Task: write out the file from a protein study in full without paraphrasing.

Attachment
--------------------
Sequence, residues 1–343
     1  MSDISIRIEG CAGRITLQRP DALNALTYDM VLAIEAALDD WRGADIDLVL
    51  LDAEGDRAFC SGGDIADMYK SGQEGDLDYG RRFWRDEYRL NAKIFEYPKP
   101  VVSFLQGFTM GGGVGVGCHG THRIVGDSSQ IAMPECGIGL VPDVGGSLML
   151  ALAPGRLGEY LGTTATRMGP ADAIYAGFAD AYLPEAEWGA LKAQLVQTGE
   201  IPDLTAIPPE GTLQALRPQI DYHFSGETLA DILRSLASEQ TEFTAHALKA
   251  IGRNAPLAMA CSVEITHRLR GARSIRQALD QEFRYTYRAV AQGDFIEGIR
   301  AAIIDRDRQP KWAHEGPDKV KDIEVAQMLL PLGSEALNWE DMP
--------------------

Sequence, residues 1–343
     1  MSDISIRIEG CAGRITLQRP DALNALTYDM VLAIEAALDD WRGADIDLVL
    51  LDAEGDRAFC SGGDIADMYK SGQEGDLDYG RRFWRDEYRL NAKIFEYPKP
   101  VVSFLQGFTM GGGVGVGCHG THRIVGDSSQ IAMPECGIGL VPDVGGSLML
   151  ALAPGRLGEY LGTTATRMGP ADAIYAGFAD AYLPEAEWGA LKAQLVQTGE
   201  IPDLTAIPPE GTLQALRPQI DYHFSGETLA DILRSLASEQ TEFTAHALKA
   251  IGRNAPLAMA CSVEITHRLR GARSIRQALD QEFRYTYRAV AQGDFIEGIR
   301  AAIIDRDRQP KWAHEGPDKV KDIEVAQMLL PLGSEALNWE DMP